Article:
The rise of apoptosis: targeting apoptosis in hematologic malignancies

Rebecca Valentin, Stephanie Grabow and Matthew S. Davids


Dysregulation of the B-cell leukemia/lymphoma-2 (BCL-2) family of proteins of the intrinsic apoptotic pathway is fundamental to the pathophysiology of many hematologic malignancies. The BCL-2 family consists of regulatory proteins that either induce apoptosis (proapoptotic) or inhibit it (prosurvival). BCL-2, myeloid cell leukemia-1, and B-cell lymphoma–extra large are prosurvival proteins that are prime targets for anticancer therapy, and molecules targeting each are in various stages of preclinical and clinical development. The US Food and Drug Administration (FDA)-approved BCL-2 inhibitor venetoclax was first proven to be highly effective in chronic lymphocytic leukemia and some B-cell non-Hodgkin lymphoma subtypes. Subsequently, venetoclax was found to be active clinically against a diverse array of hematologic malignancies including multiple myeloma, acute myeloid leukemia, myelodysplastic syndrome, acute lymphoblastic leukemia, and others. Here, we give a brief introduction to BCL-2 family biology and the mechanism of action of BCL-2 Homology 3 (BH3) mimetics, and provide an overview of the clinical data for therapeutically targeting prosurvival proteins in hematologic malignancies, with a focus on BCL-2 inhibition. To prioritize novel agent combinations and predict responders, we discuss the utility of functional assays such as BH3 profiling. Finally, we provide a perspective on how therapies targeting BCL-2 family proteins may be optimally implemented into future therapeutic regimens for hematologic malignancies.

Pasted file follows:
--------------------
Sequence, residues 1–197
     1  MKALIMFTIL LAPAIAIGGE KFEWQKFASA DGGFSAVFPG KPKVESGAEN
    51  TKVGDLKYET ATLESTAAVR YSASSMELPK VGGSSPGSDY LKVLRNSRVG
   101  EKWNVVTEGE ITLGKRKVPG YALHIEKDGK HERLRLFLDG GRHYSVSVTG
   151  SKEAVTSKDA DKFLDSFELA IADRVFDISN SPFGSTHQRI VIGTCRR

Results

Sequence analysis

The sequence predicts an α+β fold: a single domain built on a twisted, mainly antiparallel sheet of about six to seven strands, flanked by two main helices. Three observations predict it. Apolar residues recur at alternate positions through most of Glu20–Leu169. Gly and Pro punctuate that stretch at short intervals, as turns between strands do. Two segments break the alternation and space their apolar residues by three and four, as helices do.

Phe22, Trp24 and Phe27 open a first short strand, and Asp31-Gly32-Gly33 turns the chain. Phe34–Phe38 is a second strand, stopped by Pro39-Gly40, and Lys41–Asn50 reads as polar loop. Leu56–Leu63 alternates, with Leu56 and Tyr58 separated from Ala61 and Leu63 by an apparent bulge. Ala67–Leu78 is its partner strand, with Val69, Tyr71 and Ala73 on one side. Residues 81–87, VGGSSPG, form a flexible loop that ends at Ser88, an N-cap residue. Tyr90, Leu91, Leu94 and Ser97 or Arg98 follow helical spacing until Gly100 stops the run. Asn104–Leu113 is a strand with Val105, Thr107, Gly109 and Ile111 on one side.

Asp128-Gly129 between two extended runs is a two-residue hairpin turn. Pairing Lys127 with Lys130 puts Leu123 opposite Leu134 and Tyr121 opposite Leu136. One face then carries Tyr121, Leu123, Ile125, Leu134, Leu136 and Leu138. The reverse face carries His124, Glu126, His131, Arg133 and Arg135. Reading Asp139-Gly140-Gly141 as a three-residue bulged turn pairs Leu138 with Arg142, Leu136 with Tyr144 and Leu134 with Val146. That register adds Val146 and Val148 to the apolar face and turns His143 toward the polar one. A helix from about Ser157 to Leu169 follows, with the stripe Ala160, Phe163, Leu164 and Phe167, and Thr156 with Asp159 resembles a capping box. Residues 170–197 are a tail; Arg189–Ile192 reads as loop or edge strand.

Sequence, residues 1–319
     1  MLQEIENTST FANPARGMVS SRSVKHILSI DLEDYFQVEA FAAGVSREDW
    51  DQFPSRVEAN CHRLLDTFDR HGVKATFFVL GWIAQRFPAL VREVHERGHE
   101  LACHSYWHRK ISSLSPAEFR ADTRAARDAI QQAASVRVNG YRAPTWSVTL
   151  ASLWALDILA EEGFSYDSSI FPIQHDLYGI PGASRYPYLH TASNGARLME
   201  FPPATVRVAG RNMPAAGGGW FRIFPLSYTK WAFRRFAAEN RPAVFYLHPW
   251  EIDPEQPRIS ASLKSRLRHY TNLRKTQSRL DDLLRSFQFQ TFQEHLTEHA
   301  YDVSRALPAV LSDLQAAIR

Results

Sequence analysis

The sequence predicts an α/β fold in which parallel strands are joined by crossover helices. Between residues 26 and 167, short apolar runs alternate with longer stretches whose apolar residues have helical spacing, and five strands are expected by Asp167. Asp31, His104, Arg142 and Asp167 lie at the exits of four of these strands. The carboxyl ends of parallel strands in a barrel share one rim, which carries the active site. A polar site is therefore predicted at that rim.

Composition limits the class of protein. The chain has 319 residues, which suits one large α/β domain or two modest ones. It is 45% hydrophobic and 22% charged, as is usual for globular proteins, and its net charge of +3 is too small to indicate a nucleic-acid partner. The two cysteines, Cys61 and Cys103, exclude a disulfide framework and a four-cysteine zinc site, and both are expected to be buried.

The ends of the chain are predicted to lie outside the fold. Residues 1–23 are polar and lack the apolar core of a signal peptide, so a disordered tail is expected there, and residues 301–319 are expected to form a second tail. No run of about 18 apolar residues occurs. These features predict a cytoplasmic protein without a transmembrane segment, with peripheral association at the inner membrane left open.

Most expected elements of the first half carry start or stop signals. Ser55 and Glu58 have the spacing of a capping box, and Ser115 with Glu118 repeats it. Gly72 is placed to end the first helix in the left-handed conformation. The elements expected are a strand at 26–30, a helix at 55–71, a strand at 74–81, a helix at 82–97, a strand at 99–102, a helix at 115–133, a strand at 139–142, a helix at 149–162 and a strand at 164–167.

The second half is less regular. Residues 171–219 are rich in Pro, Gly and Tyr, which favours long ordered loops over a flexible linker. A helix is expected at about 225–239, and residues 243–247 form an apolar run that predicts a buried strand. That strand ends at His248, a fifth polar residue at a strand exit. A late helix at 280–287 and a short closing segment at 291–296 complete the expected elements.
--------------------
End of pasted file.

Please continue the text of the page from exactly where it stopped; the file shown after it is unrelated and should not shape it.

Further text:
• Submitted February 18, 2018.
  • Accepted July 11, 2018.
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